Terrorism: The Global Picture
The Index is based on data from the Global Terrorism Database (GTD) of the National Consortium for the Study of Terrorism and Responses to Terrorism (START) - the most comprehensive dataset on terrorist activity with over 104,000 cases of terrorist attacks codified.
The Index ranks countries based on the following four indicators weighted over five years: Total number of terrorist incidents; Total number of fatalities from terrorism; Total number of injuries from terrorism, and; Estimated property damage from terrorism. Each of the factors is weighted between zero and three, with fatalities having the highest weighting, and a five year weighted average is applied to reflect the lasting psychological effect of terrorist acts over time.
Defining terrorism is not a straightforward matter. There is no single internationally accepted definition of what constitutes terrorism, and the terrorism literature abounds with competing definitions and typologies. The GTI accepts the terminology and definitions agreed to by START researchers and its advisory panel. The GTI therefore defines terrorism as “the threatened or actual use of illegal force and violence by a non-state actor to attain a political, economic, religious, or social goal through fear, coercion, or intimidation”. This definition recognises that terrorism is not only the direct physical act of an attack, but also the psychological impact it has on a society, sometimes for many years after.
The biggest rise in global terrorism took place over the period from 2005 to 2007 and was driven by events in Iraq. Four other countries also significantly contributed to the global rise with Pakistan, India, Afghanistan, and the Philippines all experiencing increases, especially between 2007 and 2009. Only 20 nations scored a zero for terrorist impact over the 2002-2011 period, indicating the impact of terror, while heavily concentrated in some places like Iraq, Afghanistan, Pakistan, and India, is nonetheless widely distributed around the world. There has been a significant increase in the total number of terrorist incidents over the ten year period with the number of terrorist incidents increasing by 464 per cent. The most significant jump was from 2007 to 2008 with incidents rising from 2520 to over 4000. Since then the number of incidents has plateaued. The success rate of these attacks remained very high, ranging between 89 per cent and 97 per cent. In 2011 the average rate of success was 91 per cent. From 2004 there has been an increase in the total global number of injuries from terrorist incidents which reached its peak in 2009, while the number of fatalities peaked in 2007 and by 2011 were back to a similar level to 2006. The results for 2011 show Iraq, Pakistan and Afghanistan were the three countries most affected by terrorism that year. Of the 158 nations included in the GTI, 84 did not suffer a terrorist incident in 2011.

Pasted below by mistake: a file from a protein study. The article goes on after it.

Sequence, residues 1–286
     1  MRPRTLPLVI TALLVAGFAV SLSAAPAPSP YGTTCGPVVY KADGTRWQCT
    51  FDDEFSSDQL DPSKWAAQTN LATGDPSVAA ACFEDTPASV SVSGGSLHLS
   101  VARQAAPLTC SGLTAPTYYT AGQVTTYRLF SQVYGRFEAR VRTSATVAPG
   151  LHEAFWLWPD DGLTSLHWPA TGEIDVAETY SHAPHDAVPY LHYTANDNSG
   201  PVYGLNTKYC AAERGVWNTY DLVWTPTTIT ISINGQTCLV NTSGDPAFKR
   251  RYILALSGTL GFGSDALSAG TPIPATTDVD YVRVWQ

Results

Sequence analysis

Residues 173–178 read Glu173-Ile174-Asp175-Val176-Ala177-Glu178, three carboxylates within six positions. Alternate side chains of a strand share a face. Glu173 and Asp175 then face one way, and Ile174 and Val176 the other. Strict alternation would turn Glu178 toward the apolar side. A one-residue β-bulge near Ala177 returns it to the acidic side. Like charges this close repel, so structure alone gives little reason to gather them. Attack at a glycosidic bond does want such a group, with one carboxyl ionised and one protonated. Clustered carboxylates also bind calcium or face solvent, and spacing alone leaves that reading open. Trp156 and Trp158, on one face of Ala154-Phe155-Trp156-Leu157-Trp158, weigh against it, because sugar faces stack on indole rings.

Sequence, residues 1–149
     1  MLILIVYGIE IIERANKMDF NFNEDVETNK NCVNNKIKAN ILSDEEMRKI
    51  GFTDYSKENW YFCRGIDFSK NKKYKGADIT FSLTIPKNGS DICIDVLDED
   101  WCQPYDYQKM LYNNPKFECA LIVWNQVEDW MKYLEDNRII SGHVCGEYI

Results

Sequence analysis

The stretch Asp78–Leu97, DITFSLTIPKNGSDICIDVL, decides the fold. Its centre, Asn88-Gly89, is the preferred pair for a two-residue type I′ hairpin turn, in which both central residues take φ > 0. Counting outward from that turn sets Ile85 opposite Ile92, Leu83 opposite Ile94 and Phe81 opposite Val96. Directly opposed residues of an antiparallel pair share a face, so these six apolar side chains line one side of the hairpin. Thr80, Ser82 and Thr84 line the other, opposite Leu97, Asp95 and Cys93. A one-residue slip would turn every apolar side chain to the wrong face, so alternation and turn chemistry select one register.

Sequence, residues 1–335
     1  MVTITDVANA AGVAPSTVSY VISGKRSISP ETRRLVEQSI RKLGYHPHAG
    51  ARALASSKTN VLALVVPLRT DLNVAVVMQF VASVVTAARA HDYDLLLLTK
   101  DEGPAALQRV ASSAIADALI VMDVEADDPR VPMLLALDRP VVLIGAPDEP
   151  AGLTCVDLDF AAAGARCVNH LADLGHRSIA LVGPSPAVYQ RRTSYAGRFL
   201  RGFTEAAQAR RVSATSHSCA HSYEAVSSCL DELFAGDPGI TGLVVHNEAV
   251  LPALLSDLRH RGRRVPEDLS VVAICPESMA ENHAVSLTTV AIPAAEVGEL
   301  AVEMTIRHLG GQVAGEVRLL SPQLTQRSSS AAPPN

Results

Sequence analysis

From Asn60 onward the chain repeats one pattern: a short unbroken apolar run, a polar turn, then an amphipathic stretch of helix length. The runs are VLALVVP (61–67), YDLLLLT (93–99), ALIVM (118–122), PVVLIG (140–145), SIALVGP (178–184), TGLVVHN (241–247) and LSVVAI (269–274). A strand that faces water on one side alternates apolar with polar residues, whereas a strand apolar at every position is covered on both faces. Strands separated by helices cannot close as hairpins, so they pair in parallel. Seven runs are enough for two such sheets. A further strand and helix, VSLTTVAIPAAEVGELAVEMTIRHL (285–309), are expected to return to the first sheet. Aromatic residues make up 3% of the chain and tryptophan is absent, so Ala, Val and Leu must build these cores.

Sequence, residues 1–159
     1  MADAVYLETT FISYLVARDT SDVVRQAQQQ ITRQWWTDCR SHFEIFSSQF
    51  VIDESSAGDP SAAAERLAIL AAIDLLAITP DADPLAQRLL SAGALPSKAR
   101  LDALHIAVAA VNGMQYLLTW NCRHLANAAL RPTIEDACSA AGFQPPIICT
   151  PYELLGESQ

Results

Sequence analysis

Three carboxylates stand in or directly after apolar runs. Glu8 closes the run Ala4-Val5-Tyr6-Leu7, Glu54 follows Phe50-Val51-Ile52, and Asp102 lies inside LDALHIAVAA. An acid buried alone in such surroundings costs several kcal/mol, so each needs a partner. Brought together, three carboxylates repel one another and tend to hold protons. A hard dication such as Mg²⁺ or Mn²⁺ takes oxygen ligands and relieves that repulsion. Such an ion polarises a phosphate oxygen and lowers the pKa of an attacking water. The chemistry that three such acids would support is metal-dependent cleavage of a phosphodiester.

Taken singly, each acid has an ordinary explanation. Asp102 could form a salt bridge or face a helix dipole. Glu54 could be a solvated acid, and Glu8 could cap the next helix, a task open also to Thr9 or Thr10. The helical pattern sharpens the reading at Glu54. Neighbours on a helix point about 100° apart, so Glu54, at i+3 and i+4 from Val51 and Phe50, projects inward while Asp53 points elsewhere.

Weapons and Targets
According to the report, the most common type of weapons used in terrorist attacks are explosive devices. Attacks with firearms have increased steadily over the last decade while suicide bombings have become more prevalent in Iraq, Afghanistan, and Pakistan. At over four and a half times their 2002 levels, global trends for suicide attacks peaked in 2007 at 288, however once again these trends are dominated by Iraq.
US, UK and Europe
The attacks in the US during the 2002‑2011 period were predominately of a ‘domestic’ nature and mainly committed by environmentalists, animal activists, racists, and anti-abortion activists. In the US, most terrorist attacks were aimed at buildings and businesses, with minimal attacks on private citizens. In 2009, a spike in US terrorism was the result of the Army Major Nidal Malik Hasan opening fire on fellow soldiers at a military facility where he killed 13 soldiers and injured 19.
In spite of the persistent number of relatively small and medium sized incidents in the US, from 2002 to 2011 North America was the region with the least number of terrorist attacks, followed by Western Europe. When combining Western and Eastern Europe as one region and aggregating all the countries, it can be seen that Europe experiences many more incidents of terrorism than the US.